“Being a journalist in South Sudan is risking one’s life,” said John Gatluak, the editor at a community radio station there. “But I have dedicated myself to serving my community through radio as a watchdog, informing them about what the politicians are doing once the citizens elect them to power.” As a journalist in South Sudan, Gatluak faces no shortage of challenges. Months of violence in the country has only made a dire humanitarian crisis worse.
On Tuesday, authorities in South Sudan shut down a popular radio station in the capital, Juba. Government security agents raided the Bakhita Radio station and arrested four employees. The news editor currently remains in detention. Presidential spokesman Ateny Wek said the station was a threat to national security by falsely reporting a rebel allegation that government forces had instigated the most recent fighting.
After several weeks of little to no violence, fighting broke out again in South Sudan last Friday. The country’s rebel leader and former vice president Riek Machar blamed the South Sudanese government for spending oil money on new weapons from the Chinese government amid mass hunger in the country. But U.S. Secretary of State John Kerry accused Machar of breaking the two peace deals that have been signed this year. Machar denied that his side is responsible for the violence and instead blamed South Sudan’s president, Salva Kiir.
The already ethnically-divided country has seen violent clashes from militias hunting members of specific tribes. At least six aid workers from the Nuer ethnic group were killed last Tuesday during an outbreak of militia violence. It is unknown exactly how many total have died in the conflict there overall, but reports in January showed more than 10,000.
Despite the most recent round of peace talks that began last week in Addis Ababa, Ethiopia, no progress has been made toward ending the conflict. People living in rural and remote areas of South Sudan continue to face rising threats of violence and famine. The country is one of the U.N.’s largest aid operations, but it is chronically underfunded — the U.N. has only reached half of this year’s South Sudan appeal total. The need for more aid is still apparent because of the protracted period of violence and starvation.
The humanitarian crisis in South Sudan has caused at least one million people to become internally displaced, more than any other country in the world. Another 500,000 people have fled, and nearly four million of the country’s 11.3 million people (about half the size of Texas) are at risk of starvation. A top U.N. official said last week that the three-year-old country is “on the brink of a humanitarian catastrophe.”
Besides the U.N., another group is trying to provide vital help for the people of South Sudan. Not in the traditional ways of giving food, money or medical supplies. Rather, they provide information that can be life-saving.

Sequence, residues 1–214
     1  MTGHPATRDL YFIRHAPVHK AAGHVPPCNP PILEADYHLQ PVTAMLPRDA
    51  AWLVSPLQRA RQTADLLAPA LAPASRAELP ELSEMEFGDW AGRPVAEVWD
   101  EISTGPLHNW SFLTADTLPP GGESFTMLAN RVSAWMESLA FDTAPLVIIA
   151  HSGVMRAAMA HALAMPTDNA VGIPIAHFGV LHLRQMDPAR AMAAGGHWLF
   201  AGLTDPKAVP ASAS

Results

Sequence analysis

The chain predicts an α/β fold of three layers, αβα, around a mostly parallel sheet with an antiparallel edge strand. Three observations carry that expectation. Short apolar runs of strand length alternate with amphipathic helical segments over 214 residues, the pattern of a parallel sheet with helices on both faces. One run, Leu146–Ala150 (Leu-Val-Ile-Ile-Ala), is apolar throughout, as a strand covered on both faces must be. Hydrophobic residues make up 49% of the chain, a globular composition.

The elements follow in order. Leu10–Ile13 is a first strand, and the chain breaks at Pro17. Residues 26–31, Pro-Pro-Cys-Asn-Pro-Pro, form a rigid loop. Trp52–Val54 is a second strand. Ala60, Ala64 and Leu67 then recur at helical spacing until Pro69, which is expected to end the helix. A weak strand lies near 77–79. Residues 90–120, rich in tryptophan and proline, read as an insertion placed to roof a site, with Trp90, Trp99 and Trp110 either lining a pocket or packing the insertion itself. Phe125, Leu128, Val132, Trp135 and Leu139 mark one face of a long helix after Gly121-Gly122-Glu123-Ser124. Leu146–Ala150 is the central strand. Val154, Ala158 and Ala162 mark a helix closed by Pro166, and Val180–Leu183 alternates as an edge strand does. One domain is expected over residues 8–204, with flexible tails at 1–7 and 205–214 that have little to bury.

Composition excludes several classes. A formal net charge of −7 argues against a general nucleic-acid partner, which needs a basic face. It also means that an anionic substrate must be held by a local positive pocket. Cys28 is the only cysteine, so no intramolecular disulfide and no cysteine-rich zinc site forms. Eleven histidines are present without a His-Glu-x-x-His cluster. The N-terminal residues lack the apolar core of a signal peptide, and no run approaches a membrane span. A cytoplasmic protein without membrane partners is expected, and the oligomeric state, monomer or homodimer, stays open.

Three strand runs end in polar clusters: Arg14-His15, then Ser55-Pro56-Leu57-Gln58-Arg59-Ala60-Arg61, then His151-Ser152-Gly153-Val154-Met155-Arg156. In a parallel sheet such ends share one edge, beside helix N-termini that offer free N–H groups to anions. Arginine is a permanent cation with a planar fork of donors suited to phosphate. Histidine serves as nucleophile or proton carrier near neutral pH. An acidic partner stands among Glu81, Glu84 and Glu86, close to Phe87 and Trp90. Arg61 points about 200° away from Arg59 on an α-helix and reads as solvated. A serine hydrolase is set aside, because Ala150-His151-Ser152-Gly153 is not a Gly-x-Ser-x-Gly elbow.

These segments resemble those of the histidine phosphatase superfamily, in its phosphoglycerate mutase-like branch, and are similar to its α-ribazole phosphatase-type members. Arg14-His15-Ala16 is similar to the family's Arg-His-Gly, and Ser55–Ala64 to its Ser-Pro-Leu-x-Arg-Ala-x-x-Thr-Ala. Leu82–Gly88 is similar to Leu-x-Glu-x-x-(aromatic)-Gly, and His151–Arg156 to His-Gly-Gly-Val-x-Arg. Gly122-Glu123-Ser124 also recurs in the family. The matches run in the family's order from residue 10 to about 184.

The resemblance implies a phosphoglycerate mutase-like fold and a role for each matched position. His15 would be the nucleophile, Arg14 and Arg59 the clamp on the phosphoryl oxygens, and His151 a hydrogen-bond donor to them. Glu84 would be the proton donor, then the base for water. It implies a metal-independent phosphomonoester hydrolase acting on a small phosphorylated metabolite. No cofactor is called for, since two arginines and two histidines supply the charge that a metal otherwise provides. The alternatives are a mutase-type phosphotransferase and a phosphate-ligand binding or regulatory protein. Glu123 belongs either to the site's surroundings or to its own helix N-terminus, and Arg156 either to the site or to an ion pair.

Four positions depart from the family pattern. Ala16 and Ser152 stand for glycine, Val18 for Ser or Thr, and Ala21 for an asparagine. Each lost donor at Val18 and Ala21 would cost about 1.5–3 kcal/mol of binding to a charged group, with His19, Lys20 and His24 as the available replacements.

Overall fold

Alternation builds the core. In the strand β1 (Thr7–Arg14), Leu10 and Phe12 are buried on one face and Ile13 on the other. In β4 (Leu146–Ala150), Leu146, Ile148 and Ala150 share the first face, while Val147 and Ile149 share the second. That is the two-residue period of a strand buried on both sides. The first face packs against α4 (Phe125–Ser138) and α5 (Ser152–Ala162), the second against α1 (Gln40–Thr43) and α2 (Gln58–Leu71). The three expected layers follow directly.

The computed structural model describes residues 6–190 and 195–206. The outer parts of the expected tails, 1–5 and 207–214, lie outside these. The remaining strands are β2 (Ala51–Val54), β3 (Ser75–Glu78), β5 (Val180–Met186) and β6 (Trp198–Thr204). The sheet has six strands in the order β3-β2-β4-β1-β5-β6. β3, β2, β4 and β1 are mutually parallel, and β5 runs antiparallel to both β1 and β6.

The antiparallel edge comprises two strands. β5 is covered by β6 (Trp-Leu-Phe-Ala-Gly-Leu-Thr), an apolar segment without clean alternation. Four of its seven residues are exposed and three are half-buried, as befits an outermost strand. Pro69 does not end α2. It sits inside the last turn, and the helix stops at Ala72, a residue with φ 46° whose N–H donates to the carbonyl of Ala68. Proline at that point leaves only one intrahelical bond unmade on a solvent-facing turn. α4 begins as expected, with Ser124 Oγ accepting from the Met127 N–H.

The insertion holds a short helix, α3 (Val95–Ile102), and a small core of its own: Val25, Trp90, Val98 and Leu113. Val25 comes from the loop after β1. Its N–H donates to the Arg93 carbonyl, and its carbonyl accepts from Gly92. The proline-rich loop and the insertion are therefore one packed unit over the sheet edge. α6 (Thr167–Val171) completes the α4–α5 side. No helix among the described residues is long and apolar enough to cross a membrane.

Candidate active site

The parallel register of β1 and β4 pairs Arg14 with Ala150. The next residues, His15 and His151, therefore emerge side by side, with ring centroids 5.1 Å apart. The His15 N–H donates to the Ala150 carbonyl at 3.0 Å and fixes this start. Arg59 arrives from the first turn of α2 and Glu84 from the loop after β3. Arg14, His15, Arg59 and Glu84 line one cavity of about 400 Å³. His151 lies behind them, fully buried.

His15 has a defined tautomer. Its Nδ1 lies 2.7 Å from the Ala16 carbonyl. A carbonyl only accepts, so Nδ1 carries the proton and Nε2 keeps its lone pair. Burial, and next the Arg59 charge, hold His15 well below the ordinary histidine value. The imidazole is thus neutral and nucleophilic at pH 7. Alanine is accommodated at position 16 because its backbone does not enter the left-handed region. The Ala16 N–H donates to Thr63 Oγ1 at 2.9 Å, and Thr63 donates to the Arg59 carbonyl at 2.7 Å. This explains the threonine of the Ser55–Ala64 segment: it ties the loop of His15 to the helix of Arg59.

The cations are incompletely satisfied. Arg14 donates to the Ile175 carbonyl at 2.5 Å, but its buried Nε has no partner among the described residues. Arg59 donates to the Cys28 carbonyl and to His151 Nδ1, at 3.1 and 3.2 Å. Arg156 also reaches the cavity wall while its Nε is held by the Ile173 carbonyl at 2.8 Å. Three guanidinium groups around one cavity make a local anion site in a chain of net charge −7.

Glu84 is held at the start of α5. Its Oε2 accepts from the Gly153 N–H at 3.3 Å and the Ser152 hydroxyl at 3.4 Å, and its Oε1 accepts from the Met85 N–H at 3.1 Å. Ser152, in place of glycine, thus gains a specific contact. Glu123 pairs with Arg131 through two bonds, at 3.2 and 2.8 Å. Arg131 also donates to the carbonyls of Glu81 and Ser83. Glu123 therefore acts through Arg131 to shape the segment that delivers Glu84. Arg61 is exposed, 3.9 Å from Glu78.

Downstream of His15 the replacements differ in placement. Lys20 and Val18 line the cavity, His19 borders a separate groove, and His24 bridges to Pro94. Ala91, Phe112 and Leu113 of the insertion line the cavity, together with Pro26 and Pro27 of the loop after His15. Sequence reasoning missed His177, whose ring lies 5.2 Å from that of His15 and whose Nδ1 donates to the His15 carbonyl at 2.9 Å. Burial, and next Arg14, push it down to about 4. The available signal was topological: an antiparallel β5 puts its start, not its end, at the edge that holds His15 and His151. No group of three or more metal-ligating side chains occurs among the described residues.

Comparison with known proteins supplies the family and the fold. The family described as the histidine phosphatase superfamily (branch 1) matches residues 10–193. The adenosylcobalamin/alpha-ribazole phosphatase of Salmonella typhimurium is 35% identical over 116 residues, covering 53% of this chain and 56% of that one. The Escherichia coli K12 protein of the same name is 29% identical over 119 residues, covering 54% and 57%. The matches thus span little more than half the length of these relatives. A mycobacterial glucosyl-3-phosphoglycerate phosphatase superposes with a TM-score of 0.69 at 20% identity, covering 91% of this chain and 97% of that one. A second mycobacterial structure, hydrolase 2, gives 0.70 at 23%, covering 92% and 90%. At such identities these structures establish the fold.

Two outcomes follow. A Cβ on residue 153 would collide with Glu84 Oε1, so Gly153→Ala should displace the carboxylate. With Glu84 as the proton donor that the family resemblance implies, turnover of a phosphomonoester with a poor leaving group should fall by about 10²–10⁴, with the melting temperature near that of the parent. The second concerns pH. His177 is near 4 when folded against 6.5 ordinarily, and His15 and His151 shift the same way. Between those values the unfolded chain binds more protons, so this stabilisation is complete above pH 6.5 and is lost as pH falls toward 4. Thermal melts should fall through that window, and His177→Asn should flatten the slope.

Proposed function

They are journalists like Gatluak who work with the non-profit organization Internews, a USAID-funded group which works to provide conflict-ridden and underdeveloped communities with resources to create reliable media networks. Founded in 1982 in northern California, Internews has worked in more than 90 countries across all continents. Their work includes providing funds to build radio stations and training journalists on conflict-sensitive reporting, among other efforts.. Most of their work is done by providing funds to build radio stations and training journalists on conflict-sensitive reporting, among other efforts.
Because of these media networks, Internews journalists have been able to save lives of South Sudanese people in remote areas who need accurate information — including whether current violence means it is safe to leave their homes or not.
In a recent report by the organization, an Internews-sponsored audio program called “Boda Boda Talk Talk” in internal refugee camps helped inform listeners on the current conflict in their country. The news was also useful in increasing health awareness and women’s rights. According to Gatluak, Internews is regarded as a reliable source by local citizens. He feels that the community needs such services.
“I find that my community is not well informed about their rights in the South Sudan interim constitution,” Gatlauk told CCTV America. “If I don’t give them the information, who else would do it?”
Journalists in conflict zones like South Sudan face an increased amount of risks. Gatluak was forced to flee the town of a previous radio station when South Sudan government forces arrived. He was in hiding in the wilderness of the Nile wetlands for nearly two months before he was able to reach refuge in Juba.
The South Sudan government views journalists negatively out of fear that the media will expose things to the citizens that would make them even less popular amidst the ongoing crisis, according to Gatluak. After the raiding of the Bakhita Radio station in Juba, the Committee to Protect Journalists’ East Africa representative Tom Rhodes said the government “has repeatedly taken a heavy hand to the media, even as political instability underlines the public’s need for independent sources of information.”
“Journalists are being intimidated, detained, harassed, threatened and some lose their lives,” Gatluak said. “These are just a few of the challenges I face, and the list is endless.”
Report compiled with information from The Associated Press.